The federal government has constituted the prime minister-led National Export Development Board (NEDB). The board will act as a monitoring tool of the government’s policies to enhance exports and provide strategic guidance to the government to enhance the exports, review the implementation and progress of country’s trade policy. The members will include the finance minister, planning minister, adviser to the prime minister on commerce, minister for industries and production, State Bank of Pakistan (SBP) governor, Federal Board of Revenue (FBR) chairman, Board of Investment (BoI) chairman, secretary finance, secretary commerce, Export Development Board officials as well as the members of the energy board and national food security.
The presidents of Federation of Pakistan Chambers of Commerce & Industry (FPCCI), Pakistan Business Council (PBC) and Overseas Investors Chamber of Commerce and Industry (OICCI) will also be on the board.
The government’s concerns about sluggish export growth are legitimate and understandable. The last three years did record growth but only incremental growth. When benchmarked to exports registered by countries in the region then Pakistan, which witnessed its exports at $ 24 billion in FY2020-21, lags far behind others: Bangladesh’s exports hover around $ 40 billion, Vietnam’s $ 280 billion, Malaysia’s $ 230 billion and India’s $ 550 billion.
Whereas, the World Bank in its report of 2021 has expressed its optimism over Pakistan’s growth prospects. According to it, Pakistan can increase its annual exports to its potential of $ 88 billion and its exports can grow at the rates of Vietnam’s and Bangladesh’s for the next couple of years. The report rates Pakistan as an inward oriented economy and that it should rather target high potential destinations in Central Asia. The “missing” exports of $ 64 billion constitute a figure which cannot be ignored by any economy and needs to be worked upon.
Many emerging markets in the region have enhanced their exports by offering to foreign investors their countries as viable destinations for re-export. In the process they manage to secure both; FDI and exports through viable value addition in their countries.
Pakistan’s ranking is 92 out of 109 countries in the global ranking of countries rated attractive for investment and re-export whereas, Vietnam is at the 45, India 61 and Iran 66. Pakistan has to cover a lot of ground to emerge as an attractive destination for FDI and re-export. Multiple Special Economic Zones (SEZs) have been set up in the country in this regard. Efforts are being made to populate these economic zones. There was an understanding with China that it would move its low-end industry to Pakistan for re-export. Unfortunately, however, there’s nothing on ground yet.
The newly-constituted National Export Development Board has some serious challenges ahead of it. The institutions in the country responsible to promote exports and foreign investments in the country such as Export Development Authority and Board of Investment, are in essence non-functional entities, if not redundant. Our foreign missions abroad that are meant to be business door-openers and facilitators, too, are lethargic. Only recently, the Prime Minister, in his warning to foreign missions, expressed his mind on the subject by publicly stating: “Let me make it clear to you, we cannot go on like the way we are going on presently. The most important job of embassies is to serve their countrymen and then to bring foreign investment to their country”. The PM also said India’s embassies are very proactive to attract foreign investment into their country as opposed to Pakistani embassies.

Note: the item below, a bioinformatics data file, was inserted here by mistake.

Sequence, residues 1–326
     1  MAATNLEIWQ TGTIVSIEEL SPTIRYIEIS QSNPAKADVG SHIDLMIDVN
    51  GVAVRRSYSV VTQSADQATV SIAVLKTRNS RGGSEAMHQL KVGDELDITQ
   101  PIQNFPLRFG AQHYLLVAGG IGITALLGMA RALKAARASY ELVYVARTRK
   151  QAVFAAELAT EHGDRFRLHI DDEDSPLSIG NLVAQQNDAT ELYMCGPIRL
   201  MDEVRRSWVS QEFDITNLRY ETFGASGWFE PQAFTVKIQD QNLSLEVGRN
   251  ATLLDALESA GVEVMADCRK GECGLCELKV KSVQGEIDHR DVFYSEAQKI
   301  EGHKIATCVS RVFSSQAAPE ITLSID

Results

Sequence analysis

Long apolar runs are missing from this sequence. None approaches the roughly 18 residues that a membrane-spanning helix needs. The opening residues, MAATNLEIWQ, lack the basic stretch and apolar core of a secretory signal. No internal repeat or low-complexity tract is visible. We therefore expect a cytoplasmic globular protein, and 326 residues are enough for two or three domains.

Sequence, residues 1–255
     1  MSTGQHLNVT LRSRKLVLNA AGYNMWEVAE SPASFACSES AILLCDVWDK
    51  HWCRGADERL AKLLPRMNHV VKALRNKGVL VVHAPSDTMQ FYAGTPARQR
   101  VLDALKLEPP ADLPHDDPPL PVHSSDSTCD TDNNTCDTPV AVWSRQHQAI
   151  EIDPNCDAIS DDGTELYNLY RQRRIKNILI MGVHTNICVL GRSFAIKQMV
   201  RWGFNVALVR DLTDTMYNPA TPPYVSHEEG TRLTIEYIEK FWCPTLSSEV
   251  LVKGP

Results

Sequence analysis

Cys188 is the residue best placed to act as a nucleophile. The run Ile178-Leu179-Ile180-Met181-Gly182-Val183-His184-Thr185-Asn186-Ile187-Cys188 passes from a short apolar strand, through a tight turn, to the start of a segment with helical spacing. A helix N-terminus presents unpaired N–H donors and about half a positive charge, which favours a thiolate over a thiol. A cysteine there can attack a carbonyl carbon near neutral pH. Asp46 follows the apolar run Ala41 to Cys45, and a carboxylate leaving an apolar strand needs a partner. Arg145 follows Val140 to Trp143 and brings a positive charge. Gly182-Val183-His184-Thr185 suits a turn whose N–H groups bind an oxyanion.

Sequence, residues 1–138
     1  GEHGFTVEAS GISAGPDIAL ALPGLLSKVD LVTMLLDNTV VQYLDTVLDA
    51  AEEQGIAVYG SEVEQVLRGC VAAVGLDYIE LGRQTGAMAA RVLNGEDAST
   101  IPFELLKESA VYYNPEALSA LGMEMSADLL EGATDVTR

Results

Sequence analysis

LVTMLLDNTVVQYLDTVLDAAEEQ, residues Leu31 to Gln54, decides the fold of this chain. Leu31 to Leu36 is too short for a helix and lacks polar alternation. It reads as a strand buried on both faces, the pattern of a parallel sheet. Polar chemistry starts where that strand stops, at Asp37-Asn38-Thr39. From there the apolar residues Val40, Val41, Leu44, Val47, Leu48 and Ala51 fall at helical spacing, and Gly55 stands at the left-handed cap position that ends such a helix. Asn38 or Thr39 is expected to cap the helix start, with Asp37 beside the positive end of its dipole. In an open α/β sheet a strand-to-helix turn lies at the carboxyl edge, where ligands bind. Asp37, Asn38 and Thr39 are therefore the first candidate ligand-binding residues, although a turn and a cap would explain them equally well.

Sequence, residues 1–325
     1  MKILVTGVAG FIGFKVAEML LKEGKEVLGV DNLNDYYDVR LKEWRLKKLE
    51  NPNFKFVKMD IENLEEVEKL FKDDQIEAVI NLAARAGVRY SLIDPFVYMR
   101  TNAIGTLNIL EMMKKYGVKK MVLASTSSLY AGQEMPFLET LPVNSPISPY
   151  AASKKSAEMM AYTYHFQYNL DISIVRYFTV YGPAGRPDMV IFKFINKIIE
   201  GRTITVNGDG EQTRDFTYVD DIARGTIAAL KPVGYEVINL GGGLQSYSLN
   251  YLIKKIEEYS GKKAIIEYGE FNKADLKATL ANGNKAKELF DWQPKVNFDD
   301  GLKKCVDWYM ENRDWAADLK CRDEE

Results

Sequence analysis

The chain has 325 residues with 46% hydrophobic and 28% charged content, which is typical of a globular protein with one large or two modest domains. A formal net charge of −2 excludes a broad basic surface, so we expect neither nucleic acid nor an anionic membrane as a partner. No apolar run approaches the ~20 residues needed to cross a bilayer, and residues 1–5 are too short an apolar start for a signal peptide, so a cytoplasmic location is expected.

The structure, mindset of our foreign missions and the diplomatic cadre is still stuck in the past when traditional diplomacy, protocols and social networking at gatherings constituted the prime objective of our foreign missions. Since decades, however, the whole regime of foreign diplomacy has dramatically changed to all about the nations’ economies. Today’s diplomat is more of a ‘business ambassador’, opening doors for foreign investment, exports and other business opportunities. Our foreign missions, by and large, are doing none of it.
What is required out of NEDB is dramatic restructuring and a paradigm shift in the way we have organised our exports and foreign direct investment (FDI). It is largely business as usual and out of step with the way the successful markets have organised themselves where governments have relinquished their direct indulgence in exports and FDI and have instead brought forth the private sector to manage the country’s exports and FDI in line with domestic and global market dynamics. The government’s role is limited to a mere facilitator to the private sector.
The business chambers such as FPCCI, OICCI and PBC in Pakistan are intermittently taken on board more for optics in a framework that is managed by bureaucrats. The budgetary proposals that these bodies make to in relation to exports, trade and investment policies are often sidelined in the face of country’s one-track quest for more tax collections.
The above stated board of NEDB is also structured in a way where the representation of chambers is minimal and appears symbolic. The shots will be ultimately called by the heavy representation of government functionaries.
(The writer is a former President, Overseas Investors Chambers of Commerce and industry)
Copyright Business Recorder, 2021